The Department of Veterans Affairs estimates that 3.7 million veterans and service members were exposed to the toxic fumes from burn pits in both theaters.

And links remain elusive because burn pit sites, and what was burned in them, have not been made readily available or such information has not been recorded accurately.

The Protection for Veterans’ Burn Pit Exposure Act of 2018 remains in subcommittee. It would have the VA presume service connection for veterans with illnesses related to open burn pit exposure.

The following list includes some, but not all, of the symptoms, diseases or disorders associated with burn pit exposure:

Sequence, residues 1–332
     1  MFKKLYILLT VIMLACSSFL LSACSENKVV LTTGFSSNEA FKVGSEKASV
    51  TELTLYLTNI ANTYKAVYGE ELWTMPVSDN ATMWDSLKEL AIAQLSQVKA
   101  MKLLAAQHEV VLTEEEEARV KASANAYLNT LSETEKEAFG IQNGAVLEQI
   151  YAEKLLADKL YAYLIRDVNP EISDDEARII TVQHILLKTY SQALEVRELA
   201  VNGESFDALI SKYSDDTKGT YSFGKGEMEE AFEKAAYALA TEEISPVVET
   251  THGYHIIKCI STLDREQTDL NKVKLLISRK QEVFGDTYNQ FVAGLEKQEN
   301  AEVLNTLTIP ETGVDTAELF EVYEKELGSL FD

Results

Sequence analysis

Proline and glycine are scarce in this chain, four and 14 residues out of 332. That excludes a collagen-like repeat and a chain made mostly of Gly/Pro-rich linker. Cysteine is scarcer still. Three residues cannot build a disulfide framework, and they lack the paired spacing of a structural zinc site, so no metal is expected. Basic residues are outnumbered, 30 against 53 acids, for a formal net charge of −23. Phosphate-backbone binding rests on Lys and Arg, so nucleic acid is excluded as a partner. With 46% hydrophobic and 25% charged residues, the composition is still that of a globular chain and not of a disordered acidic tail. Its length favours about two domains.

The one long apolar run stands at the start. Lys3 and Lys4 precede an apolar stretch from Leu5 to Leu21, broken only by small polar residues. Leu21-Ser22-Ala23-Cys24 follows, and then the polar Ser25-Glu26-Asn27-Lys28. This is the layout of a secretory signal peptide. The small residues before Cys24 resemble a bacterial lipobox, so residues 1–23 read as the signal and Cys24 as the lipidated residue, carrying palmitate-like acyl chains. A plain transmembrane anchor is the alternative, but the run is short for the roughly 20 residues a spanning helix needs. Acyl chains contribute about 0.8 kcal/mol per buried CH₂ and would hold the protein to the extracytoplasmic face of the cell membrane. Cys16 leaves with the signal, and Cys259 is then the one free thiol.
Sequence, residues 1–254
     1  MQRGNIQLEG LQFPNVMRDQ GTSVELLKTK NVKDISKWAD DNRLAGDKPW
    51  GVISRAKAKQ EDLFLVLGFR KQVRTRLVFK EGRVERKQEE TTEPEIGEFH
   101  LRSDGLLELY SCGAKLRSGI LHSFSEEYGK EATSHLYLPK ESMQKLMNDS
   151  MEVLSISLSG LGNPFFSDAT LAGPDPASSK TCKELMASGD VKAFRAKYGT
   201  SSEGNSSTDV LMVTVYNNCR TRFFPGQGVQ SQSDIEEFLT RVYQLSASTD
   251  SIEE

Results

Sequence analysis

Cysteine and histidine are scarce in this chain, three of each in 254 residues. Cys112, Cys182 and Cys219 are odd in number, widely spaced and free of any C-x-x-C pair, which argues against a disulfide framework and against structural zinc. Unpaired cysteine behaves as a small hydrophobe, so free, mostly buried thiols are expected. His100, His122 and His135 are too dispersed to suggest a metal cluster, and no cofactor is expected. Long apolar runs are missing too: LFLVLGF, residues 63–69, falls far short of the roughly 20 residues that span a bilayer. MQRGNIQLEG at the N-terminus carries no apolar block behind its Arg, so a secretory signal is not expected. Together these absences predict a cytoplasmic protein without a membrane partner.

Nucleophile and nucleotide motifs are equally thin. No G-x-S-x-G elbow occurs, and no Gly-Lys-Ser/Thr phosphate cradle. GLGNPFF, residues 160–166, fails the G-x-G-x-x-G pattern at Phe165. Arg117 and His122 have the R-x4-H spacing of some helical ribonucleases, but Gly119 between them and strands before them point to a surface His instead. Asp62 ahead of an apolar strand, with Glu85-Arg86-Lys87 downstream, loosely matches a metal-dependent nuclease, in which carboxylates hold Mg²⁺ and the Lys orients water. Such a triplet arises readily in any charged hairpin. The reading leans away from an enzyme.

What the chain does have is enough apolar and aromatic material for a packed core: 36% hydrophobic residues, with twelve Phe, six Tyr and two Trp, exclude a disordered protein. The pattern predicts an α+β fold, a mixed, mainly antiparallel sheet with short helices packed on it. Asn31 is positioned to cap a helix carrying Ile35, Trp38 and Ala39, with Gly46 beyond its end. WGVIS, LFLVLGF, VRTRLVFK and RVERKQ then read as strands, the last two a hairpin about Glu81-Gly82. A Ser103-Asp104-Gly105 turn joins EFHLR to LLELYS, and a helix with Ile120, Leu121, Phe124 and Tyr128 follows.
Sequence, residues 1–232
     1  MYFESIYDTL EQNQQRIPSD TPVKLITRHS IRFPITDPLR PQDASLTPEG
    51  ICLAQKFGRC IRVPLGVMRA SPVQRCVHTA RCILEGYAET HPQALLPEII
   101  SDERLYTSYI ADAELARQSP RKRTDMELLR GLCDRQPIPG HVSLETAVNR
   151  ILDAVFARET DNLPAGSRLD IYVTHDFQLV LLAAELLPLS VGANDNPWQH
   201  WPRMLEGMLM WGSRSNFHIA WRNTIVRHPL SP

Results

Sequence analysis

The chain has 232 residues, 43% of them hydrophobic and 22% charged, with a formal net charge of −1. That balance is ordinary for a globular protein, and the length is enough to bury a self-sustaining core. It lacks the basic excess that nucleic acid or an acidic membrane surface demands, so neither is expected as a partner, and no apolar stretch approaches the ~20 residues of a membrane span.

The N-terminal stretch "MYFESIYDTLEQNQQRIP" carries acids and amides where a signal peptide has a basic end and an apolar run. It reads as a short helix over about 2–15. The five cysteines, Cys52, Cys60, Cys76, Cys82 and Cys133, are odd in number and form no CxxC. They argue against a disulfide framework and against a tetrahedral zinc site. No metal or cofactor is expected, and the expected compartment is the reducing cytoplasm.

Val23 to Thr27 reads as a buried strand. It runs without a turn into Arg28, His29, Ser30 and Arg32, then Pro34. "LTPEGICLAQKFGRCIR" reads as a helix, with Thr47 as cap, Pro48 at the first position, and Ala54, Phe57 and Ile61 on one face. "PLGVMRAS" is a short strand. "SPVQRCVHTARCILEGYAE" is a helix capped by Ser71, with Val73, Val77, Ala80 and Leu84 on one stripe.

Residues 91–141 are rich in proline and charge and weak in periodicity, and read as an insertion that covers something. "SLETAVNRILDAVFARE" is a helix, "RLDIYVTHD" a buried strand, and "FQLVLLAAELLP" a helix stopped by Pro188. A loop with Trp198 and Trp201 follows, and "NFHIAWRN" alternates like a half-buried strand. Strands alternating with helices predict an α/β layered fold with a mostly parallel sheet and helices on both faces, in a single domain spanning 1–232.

Asthma, breathing restrictions, cancers, chronic bronchitis, recurring infections, cramps and severe abdominal pain, diarrhea, leukemia, lung cancer, nose bleeds, pulmonary injuries, bronchiolitis, severe heart conditions, severe headache, skin infection, sleep apnea, throat infections, ulcers, unexpected weight loss, vomiting, and weeping lesions on extremities.

Information from the Associated Press was included in this article.

Todd South has written about crime, courts, government and the military for multiple publications since 2004 and was named a 2014 Pulitzer finalist for a co-written project on witness intimidation. Todd is a Marine veteran of the Iraq War.